GARSTANG STATES THAT SIX AMERICAN PARTIES ARE ASIAN EXCAVATORS
WORK AT HAZOR GIVES PICTURE OF OLD TESTAMENT TIMES
"Fourteen expeditions are working in West Asia at present and of these, six are American," were the words of Professor John Garstang, Honorary Director of the British School of Archaeology in Jerusalem, in an interview with the CRIMSON yesterday.
"A clear picture of the situation in Old Testament times, when the Israelites were restrained from settling in northern Palestine, as told in the Books of Joshua and Judges, is revealed by the excavations at Hazor, which was the headquarters and strategic center of the Canaanitish league," said Professor Garstang.
Commenting on the Temple of the goddess Astarte, found in his excavations, he said that this was a building containing four columns and an altar for offerings, at the foot of which a Hittite battle ax and a board of jewels, also small seals inscribed with familiar Hittile hieroglyphs, had been found. The discoveries, which were made last autumn, also include the actual remains of sacrificed animals.
"Most striking defensive military works are also being discovered at Tehl Elnazbh, north of Jerusalem," continued Professor Garstang.
"The ancient fortifications are 25 feet thick and 40 feet high at some places, and they completely surround the city. Posibly this is the place referred to as Mizpah in the Bible."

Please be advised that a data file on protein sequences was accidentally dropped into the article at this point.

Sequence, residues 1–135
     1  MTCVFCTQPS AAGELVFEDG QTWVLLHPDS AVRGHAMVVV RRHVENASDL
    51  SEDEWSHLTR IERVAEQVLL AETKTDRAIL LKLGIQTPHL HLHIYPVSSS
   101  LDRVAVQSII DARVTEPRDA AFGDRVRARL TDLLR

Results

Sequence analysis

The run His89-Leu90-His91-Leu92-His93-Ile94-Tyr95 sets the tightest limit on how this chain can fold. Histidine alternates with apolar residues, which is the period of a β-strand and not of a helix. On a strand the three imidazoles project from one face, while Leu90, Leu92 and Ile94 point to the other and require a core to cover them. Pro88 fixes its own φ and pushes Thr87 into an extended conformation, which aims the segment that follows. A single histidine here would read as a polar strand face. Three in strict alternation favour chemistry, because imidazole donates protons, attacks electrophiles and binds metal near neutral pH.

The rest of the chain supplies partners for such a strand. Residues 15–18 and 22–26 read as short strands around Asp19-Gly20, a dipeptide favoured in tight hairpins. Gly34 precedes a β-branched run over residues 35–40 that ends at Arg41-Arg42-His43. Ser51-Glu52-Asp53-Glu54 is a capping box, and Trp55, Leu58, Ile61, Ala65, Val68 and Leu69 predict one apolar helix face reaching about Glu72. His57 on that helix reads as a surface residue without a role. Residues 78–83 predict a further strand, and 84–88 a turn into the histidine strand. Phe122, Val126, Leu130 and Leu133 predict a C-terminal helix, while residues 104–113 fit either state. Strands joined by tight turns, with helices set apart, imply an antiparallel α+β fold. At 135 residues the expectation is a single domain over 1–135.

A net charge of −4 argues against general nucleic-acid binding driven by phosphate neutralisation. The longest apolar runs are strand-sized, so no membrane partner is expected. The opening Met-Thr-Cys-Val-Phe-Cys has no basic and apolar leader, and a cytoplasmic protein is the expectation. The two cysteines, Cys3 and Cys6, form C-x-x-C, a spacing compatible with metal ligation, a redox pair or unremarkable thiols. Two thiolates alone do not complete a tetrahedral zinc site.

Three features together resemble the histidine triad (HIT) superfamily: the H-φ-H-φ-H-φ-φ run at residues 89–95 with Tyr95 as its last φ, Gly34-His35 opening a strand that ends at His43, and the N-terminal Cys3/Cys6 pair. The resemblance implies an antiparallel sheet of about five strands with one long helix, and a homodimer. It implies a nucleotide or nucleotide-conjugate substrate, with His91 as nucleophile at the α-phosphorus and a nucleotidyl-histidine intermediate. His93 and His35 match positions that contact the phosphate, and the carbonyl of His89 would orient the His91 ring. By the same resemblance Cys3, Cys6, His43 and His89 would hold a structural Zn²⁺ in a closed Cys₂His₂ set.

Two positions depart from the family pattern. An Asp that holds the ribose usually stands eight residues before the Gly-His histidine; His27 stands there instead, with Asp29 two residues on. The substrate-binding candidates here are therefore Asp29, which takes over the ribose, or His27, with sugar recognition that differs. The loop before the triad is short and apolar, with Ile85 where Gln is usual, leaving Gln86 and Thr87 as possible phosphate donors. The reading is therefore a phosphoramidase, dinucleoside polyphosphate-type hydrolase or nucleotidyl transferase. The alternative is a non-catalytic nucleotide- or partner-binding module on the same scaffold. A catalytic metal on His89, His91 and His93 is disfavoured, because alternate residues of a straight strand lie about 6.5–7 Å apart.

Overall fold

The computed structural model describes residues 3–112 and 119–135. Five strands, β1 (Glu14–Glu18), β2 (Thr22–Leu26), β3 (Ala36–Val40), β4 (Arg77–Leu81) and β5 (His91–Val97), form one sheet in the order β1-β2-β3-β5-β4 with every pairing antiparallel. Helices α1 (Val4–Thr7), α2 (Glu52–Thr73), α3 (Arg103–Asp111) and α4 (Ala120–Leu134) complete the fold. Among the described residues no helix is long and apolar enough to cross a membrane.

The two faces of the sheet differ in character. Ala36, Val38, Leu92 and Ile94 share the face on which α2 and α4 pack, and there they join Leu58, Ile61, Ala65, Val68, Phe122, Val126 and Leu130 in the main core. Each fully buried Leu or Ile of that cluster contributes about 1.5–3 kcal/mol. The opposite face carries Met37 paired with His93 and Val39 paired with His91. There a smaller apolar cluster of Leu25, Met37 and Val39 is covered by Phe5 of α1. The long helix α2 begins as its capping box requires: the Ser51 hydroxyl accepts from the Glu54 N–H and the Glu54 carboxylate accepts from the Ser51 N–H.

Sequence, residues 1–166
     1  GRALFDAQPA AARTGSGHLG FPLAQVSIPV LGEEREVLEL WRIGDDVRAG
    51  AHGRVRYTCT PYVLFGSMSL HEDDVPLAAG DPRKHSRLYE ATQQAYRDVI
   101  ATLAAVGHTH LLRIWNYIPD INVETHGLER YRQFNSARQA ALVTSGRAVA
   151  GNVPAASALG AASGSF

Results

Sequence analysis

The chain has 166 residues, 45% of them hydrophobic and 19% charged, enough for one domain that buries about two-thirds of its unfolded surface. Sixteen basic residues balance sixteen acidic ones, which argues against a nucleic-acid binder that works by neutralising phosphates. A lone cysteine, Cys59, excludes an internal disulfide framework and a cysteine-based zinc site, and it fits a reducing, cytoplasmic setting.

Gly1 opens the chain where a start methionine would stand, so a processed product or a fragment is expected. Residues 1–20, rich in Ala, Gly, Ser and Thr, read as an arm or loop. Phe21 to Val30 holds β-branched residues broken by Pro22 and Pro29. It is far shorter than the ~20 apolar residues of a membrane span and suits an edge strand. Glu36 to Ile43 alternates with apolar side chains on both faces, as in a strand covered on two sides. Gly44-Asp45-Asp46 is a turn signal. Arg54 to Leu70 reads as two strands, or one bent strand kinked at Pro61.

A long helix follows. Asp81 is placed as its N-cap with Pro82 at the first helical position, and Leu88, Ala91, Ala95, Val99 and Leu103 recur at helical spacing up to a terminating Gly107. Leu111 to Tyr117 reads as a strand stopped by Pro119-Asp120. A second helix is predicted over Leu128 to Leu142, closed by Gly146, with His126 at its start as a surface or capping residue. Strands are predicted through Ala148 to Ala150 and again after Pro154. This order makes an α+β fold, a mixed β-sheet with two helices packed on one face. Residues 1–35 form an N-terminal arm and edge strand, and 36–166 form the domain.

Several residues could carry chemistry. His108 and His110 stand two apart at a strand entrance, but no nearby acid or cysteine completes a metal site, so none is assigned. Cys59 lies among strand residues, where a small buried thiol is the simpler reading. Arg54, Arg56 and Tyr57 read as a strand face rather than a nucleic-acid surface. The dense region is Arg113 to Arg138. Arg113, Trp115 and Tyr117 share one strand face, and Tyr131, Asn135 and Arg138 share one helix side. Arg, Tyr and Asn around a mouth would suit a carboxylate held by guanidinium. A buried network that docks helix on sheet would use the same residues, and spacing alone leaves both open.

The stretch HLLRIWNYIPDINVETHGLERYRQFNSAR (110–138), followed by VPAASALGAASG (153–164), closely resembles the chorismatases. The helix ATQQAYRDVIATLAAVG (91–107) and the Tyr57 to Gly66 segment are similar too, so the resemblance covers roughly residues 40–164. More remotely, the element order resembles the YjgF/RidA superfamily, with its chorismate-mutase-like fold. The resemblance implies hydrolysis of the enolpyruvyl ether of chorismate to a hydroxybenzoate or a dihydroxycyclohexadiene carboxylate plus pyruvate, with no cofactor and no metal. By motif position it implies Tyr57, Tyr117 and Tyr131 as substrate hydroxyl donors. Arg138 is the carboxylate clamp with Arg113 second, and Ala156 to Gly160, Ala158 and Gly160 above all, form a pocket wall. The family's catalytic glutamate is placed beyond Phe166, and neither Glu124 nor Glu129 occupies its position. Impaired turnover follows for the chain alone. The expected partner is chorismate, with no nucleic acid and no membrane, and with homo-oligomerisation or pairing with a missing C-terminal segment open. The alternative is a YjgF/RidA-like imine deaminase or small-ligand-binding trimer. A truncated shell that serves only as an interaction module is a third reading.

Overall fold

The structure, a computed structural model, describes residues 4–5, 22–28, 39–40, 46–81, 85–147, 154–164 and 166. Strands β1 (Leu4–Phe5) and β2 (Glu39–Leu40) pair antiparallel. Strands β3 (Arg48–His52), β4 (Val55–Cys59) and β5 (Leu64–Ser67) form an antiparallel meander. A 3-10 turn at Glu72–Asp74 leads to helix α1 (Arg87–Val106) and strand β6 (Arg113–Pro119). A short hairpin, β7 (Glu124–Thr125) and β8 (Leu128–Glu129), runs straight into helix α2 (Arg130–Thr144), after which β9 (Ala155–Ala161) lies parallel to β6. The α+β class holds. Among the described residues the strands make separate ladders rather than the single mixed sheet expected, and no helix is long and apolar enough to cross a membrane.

Evidence of recent excavations indicate that Palestine was a prosperous country with walled cities and a highly developed civilization when the Isralites entered by way of Jericho, according to Professor Garstang.
Turning the conversation to Greco Roman cities, he said that the excavations on the east side of the Jordan River, 60 miles from Jerusalem, were very illuminating. The whole city of Gerasa is being uncovered. Architecturally beautiful Corinthean columns of temples, sidewalks on the main street, and a public drinking fountain are well preserved. Among the ruins of an early Christian church a marble head representing a "Man of Sorrows" was found. The resemblance of this piece of sculpture to familiar representations of Christ in medieval France brings up important questions.